For much of each year, from some time in the early spring until late autumn, trout and grayling are focussed on the surface. They are looking upwards for their food forms and this is the nature of the feeding dynamics in the warmer months. The most easily available and vulnerable food forms are the nymphs about to hatch and in the process of hatching, and then the emerged adult flies on the surface. During this long period of the year, on most days, one of the most common mistakes the fly fisher makes is to fish nymph too deep, below the focus of the fish.
Even when there are few fish actually observed rising they will come up to a dry fly, or shallow-running nymph, as on a short duo rig. Once into this mind-set, and given a suitable dry fly for purpose, the duo angler notices that far more fish actually take the dry fly in such a rig. This is the reason why I strongly favour the dropper style of attachment of the dry fly, because presentation is so much better and also the hook up ratio is considerably improved.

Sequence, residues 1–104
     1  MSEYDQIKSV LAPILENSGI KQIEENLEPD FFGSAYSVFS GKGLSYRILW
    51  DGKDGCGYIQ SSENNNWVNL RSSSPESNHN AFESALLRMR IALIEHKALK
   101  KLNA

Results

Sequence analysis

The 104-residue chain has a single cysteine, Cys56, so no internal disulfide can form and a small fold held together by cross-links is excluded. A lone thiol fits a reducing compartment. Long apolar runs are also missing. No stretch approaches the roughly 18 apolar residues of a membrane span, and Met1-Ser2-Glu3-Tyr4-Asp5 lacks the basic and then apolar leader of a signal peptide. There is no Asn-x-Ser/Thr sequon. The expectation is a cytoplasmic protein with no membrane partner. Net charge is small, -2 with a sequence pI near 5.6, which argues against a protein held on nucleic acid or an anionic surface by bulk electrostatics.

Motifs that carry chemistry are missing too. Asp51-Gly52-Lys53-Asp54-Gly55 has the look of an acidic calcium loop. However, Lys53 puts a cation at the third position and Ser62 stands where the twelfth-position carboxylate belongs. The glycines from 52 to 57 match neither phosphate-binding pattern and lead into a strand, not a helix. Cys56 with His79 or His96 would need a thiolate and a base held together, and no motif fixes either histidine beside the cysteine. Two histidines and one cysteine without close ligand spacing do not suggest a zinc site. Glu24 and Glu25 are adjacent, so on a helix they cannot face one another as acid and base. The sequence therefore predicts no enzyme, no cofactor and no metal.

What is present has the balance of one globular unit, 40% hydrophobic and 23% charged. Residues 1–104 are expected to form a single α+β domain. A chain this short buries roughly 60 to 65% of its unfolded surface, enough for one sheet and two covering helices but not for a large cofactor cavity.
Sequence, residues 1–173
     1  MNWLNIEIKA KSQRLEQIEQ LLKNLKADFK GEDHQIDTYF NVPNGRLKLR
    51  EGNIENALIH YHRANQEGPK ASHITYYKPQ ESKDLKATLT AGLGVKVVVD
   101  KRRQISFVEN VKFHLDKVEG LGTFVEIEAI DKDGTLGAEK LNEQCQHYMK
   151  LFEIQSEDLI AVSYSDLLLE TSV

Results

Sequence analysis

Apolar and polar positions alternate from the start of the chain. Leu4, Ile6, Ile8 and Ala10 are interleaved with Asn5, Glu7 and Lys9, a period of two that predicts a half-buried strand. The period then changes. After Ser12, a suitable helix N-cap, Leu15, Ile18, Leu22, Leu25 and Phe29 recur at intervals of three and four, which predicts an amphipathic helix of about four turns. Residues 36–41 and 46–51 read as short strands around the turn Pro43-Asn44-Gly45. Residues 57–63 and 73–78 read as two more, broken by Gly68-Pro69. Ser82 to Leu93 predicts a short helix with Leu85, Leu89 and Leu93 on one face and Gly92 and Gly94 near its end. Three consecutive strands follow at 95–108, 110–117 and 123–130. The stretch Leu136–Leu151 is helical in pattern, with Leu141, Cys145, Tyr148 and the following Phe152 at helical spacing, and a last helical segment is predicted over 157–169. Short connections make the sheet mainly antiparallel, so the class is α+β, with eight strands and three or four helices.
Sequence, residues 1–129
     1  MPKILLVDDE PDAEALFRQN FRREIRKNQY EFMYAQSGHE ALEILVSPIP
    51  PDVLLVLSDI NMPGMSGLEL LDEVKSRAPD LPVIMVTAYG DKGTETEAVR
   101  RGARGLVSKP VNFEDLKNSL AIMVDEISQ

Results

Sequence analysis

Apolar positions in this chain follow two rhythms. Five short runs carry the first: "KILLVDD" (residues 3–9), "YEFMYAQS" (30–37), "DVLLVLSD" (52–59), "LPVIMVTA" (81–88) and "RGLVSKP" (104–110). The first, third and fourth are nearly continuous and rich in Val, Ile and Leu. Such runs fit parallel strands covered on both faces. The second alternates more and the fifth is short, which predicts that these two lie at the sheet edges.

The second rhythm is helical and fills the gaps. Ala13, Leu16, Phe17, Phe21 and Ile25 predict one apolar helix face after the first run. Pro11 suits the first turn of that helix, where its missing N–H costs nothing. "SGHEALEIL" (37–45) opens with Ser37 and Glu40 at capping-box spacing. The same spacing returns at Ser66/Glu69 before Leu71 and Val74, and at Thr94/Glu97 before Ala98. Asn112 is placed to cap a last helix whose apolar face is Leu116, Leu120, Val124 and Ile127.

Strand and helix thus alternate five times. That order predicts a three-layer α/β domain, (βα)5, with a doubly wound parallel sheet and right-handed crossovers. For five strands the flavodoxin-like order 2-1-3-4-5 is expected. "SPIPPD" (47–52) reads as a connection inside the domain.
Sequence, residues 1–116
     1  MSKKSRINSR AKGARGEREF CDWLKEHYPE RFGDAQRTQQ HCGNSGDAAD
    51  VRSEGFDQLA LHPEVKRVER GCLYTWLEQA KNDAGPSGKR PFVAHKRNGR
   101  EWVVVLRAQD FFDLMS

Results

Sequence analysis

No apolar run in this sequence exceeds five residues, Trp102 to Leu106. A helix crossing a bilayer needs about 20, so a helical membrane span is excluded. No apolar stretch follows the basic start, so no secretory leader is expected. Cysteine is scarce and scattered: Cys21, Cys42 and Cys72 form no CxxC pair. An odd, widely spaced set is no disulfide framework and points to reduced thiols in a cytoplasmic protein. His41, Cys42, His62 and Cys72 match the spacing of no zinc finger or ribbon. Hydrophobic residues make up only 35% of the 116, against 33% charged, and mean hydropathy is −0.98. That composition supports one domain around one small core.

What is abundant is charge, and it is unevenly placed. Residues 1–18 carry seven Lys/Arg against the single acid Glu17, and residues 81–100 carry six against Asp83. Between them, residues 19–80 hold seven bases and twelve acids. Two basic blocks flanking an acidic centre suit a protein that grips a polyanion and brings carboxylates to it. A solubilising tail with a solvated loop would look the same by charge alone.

So, my top tip as we nudge into the thrill of a new trout season, and begin to see midges and dark olives coming off the water, is to focus much more on the surface possibilities, which is exactly what the trout (and grayling) will do by nature of their feeding opportunities.
Of course, duo gives us a means of giving a compromise selection of nymph and dry to the fish; but far better than this it offers us a means of achieving significantly better presentation without compromise to inclement conditions, particularly the gusty across and downstream wind. In the first instance, just scale down the size of both nymph and dry fly – get away from the mind set of ‘bulk for buoyancy’, because this will almost ensure that the duo rig will only work for the nymph with just occasional trout in broken water to the dry.
A fly such as a size 17 Oppo, stabilised by a 16 PTN, the latter with or without a 1.5mm or 2.0mm tungsten bead, on a tippet of 0.12mm copolymer (I strongly recommend the Fulling Mill copolymer in 5X or 6X for this) will be a great starting point for the spring, scaling down further later in the year. Distance between the dropper and point should be somewhere around a metre or less, but rarely more – remember that the purpose of that little nymph is to help with turnover, to improve accuracy and then to stabilise the drift of the dry fly. Actual takes to the nymph are a bonus.
It might be of interest to note that through the last three years of my own fishing while using duo in the spring the ratio of trout and grayling taken on dry fly and nymph is roughly equal. From sometime in May, however, the balance tips steeply towards the dry fly, such that by the autumn dry fly is about 90 per cent dominant.